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Ingredient Type: Botanical, Extract

Also Known As: Celastrus paniculatus, Malkanguni, Staff tree, Intellect plant, Climbing staff plant, Black oil plant

Jyotishmati is an ancient Ayurvedic plant valued primarily for its health benefits.  It is a shrub that grows at high elevation (usually above 3000 feet) primarily in India.  Jyotishmati leaves have been described as having the shape of a pigeon’s foot, while their fruit is said to look like a crow’s egg.  Oil, extracted from the fruit, is used for healing purposes (5).

Tribal systems of medicine in different regions of India have claimed the use of Jyotishmati oil in the treatment of a wide range of disorders.  It is frequently used as brain tonic due to its purported effect on memory and intellect. The phytochemicals present in Celastrus paniculatus include sesquiterpenes, alkaloids, cleastrine, celapanine, celapgine, and polyalcohol (malanguinin, malkanginnol, etc.).  It also contains the triterpenoid pristimerin, and sterols (β-amyrin and β-sitosterol) (16).


Jyotishmati is used in Ayurveda as a bitter digestive tonic and to enlighten the mind.  The fruits and seeds are used in health supplements today to support cardiovascular and mental function.

Extracts from the plant are also believed to have anti-arthritic, wound healing, hypolipidemic, and antioxidant activity (2).

Other traditional therapeutic uses include (1,3,5):

  • To improve intelligence
  • To balance Vata and Kapha
  • To induce vomiting
  • To improve digestion
  • To improve memory
  • To relieve constipation
  • To help with anemia and liver disorders
  • As a cardiac tonic


  • Jyotishmati seed extract possesses significant antinociceptive and anti-inflammatory activity (2).
  • Celastrus paniculatus seed oil was the most effective in preventing neuronal cells against H(2)O(2)- and glutamate-induced toxicities. Thus, in addition to free-radical scavenging attributes, the mechanism of CP seed component (CP-C) neuroprotection must be elucidated (9).
  • The aqueous extract of Celastrus paniculatus seeds has cognitive-enhancing properties that may be due to an antioxidant effect (10).
  • Celastrus paniculatus extract seems to exert a powerful myogenic and L-type Ca(2+)-dependent relaxing effect.  This could explain the traditional use of this herb in the treatment of intestinal spasms (11).
  • Jyotishmati seed extract possesses significant antinociceptive and anti-inflammatory activity (14).


Single oral administration of different dose levels produced no mortality or morbidity in animals during an observation period of 14 days. Cage-side observations showed no change in general appearance and morphological characteristics of animals. There were also no significant changes in body weight, food, and water intake in extract treated animals when compared with control animals (16).

No adverse events in humans have been reported in the current scientific literature.  As with most herbals, however, caution is advised and use thereof should be avoided during pregnancy or breastfeeding (17).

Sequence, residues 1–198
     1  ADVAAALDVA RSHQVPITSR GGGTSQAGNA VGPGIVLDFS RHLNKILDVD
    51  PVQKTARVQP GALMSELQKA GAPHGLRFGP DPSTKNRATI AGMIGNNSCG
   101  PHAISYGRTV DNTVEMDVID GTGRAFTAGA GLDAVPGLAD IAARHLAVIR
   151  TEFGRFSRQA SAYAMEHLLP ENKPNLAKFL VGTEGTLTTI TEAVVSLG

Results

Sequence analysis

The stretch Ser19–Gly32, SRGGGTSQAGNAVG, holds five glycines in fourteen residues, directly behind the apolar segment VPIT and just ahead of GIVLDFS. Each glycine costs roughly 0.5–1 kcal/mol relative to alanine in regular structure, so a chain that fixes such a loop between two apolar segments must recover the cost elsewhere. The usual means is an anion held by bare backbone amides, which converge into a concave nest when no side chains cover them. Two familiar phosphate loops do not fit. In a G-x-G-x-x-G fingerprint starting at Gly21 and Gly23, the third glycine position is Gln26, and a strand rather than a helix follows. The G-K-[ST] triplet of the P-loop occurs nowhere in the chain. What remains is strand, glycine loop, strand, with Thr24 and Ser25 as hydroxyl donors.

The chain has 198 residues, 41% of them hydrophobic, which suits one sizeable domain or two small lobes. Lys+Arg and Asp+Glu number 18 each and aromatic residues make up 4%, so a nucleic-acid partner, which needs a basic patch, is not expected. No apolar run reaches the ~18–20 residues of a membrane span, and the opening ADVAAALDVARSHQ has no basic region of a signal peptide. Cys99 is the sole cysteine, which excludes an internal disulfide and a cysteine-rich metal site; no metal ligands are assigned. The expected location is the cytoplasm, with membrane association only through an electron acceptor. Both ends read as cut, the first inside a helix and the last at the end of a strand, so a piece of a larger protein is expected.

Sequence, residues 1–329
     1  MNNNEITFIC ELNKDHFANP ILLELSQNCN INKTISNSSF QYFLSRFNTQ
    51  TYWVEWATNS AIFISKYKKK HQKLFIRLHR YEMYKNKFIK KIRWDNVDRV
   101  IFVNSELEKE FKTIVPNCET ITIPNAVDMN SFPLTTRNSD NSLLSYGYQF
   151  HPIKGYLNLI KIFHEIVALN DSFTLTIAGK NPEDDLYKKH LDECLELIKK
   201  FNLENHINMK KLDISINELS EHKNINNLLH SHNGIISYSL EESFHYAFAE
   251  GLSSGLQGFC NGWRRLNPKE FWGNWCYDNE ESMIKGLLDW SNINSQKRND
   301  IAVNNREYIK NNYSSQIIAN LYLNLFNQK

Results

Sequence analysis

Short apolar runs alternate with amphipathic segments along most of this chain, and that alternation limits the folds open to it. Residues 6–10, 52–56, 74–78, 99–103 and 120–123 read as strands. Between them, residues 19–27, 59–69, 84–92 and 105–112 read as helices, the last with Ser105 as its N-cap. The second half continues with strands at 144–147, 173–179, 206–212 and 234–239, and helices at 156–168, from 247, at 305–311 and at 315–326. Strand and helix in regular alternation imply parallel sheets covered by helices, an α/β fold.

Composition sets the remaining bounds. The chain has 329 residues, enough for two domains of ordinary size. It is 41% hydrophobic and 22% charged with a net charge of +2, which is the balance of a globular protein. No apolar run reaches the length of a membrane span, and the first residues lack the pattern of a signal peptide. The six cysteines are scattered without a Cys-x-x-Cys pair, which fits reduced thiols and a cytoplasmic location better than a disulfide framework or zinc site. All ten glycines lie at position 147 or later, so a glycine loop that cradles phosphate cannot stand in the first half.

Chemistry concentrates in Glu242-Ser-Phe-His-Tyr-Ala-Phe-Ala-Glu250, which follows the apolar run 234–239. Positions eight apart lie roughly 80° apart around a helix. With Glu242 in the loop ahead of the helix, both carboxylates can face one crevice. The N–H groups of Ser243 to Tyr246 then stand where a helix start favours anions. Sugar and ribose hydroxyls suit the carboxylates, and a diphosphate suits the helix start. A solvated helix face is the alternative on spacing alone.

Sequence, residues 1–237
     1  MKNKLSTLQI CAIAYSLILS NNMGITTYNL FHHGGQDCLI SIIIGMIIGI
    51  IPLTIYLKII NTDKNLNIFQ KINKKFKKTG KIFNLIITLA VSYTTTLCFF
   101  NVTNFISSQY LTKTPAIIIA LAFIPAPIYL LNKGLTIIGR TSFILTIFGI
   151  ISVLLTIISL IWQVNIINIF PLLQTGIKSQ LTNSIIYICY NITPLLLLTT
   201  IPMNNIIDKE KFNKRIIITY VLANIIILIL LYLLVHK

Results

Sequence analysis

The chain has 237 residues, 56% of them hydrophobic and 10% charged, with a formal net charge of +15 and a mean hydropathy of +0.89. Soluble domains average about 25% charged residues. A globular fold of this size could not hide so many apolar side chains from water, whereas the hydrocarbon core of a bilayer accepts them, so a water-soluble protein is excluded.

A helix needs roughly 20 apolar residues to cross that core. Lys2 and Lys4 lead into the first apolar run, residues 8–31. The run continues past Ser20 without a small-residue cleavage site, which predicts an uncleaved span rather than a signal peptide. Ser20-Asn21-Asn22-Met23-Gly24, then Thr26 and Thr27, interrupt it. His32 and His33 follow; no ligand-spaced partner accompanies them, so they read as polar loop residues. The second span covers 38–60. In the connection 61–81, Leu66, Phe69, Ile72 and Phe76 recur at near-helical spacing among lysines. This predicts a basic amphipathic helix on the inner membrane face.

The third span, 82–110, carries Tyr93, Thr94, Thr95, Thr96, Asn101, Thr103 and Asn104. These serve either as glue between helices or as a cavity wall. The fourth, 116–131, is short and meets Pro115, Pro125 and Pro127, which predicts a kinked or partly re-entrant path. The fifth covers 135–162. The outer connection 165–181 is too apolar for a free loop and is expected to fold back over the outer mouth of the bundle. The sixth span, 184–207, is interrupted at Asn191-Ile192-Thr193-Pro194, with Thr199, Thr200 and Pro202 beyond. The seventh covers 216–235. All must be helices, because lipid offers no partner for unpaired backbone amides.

2. J Ayurveda Integr Med. 2015 Apr-Jun; 6(2): 82–88.doi:  10.4103/0975-9476.146540 PMCID: PMC4484053 Effect of Jyotishmati (Celastrus paniculatus) seeds in animal models of pain and inflammationYogesh A. Kulkarni, Sneha Agarwal, and Mayuresh S. Garud
  3. Monojit D, Reshmi P, Harshita K, Nishteswar K. Medico ethnobotanical perspectives of jyotismati (Celastrus paniculatus Willd): A herbal tranquilizer. J Drug Deliv Ther. 2012;2:8–11.
  4. Basu NK, Pabrai PR. Chemical investigation of Celastrus paniculatus Wild. J Am Pharm Assoc. 2006;35:272–3
  5. Patel DK, Amin KS, Nanavati DD. Chemistry and pharmacology of Celastrus paniculatus Wild. Indian Drugs. 1995;32:566–73.
  6. Yasu LU, Yang S, Zou Z, Chen H, Zhen X, Zhongemei Z, et al. Evoninoate sesquiterpene alkaloids from the stem of Celastrus paniculatus. Heterocycl. 2006;68:1241–7.
  7. Katekhaye S, Duggal S, Singh AP. An inside preview of the nutritional and pharmacological profile of Celastrus paniculatus. Int J Recent Adv Pharm Res. 2011;1:19–24.
  8. Mathur NT, Varma M, Dixit VP. Hypolipidaemic and antiatherosclerotic effect of Celastrus paniculatus seed extract in cholesterol-fed rabbits. Indian Drugs. 1993;30:76–82.
  9. Godkar PB, Gordon RK, Ravindran A, Doctor BP. Celastrus paniculatus seed oil and organic extracts attenuate hydrogen peroxide- and glutamate-induced injury in embryonic rat forebrain neuronal cells. Phytomedicine. 2006;13:29–36.
  10. Kumar MH, Gupta YK. Antioxidant property of Celastrus paniculatus wild: A possible mechanism in enhancing cognition. Phytomedicine. 2002;9:302–11.
  11. Gattu M, Boss KL, Terry AV, Jr, Buccafusco JJ. Reversal of scopolamine-induced deficits in navigational memory performance by the seed oil of Celastrus paniculatus. Pharmacol Biochem Behav. 1997;57:793–9
  12. Borrelli F, Borboneb N, Capassoa R, Montesanoc D, Marinob S, Aviello G, et al. Potent relaxant effect of a Celastrus paniculatus extract in the rat and human ileum. J Ethnopharmacol. 2009;122:434–8.
  13. Atigari DV, Gundamaraju R, Sabbithi S, Chaitanya KB, Ramesh C. Evaluation of antiepileptic activity of methanolic extract of Celastrus paniculatus wild whole plant in rodents. Int J Pharm Psychopharmacol Res. 2012;2:20–5.
  14. Patil KS, Suryavanshi J. Effect of Celastrus paniculatus, wild seed on adjuvant-induced arthritis in rats. Pharmacogn Mag. 2007;3:177–81.
  15. Phytochemistry. 2013 Oct;94:211-9. doi: 10.1016/j.phytochem.2013.05.022. Epub 2013 Jun 27. Cytotoxic constituents from Celastrus paniculatus induce apoptosis and autophagy in breast cancer cells.Weng JR1, Yen MH, Lin WY.
  16. Effect of Jyotishmati (Celastrus paniculatus) seeds in animal models of pain and inflammation J Ayurveda Integr Med. 2015 Apr-Jun; 6(2): 82–88. doi:  10.4103/0975-9476.146540

See the entry for Celastrus paniculatus for more information.